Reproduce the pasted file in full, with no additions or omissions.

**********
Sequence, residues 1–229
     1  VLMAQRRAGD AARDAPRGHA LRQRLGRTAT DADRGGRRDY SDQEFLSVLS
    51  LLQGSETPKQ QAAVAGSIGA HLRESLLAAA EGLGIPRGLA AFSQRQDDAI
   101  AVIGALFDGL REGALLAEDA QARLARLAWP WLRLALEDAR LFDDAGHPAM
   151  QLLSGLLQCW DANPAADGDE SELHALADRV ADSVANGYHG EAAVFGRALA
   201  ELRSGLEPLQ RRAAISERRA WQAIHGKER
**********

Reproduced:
Sequence, residues 1–229
     1  VLMAQRRAGD AARDAPRGHA LRQRLGRTAT DADRGGRRDY SDQEFLSVLS
    51  LLQGSETPKQ QAAVAGSIGA HLRESLLAAA EGLGIPRGLA AFSQRQDDAI
   101  AVIGALFDGL REGALLAEDA QARLARLAWP WLRLALEDAR LFDDAGHPAM
   151  QLLSGLLQCW DANPAADGDE SELHALADRV ADSVANGYHG EAAVFGRALA
   201  ELRSGLEPLQ RRAAISERRA WQAIHGKER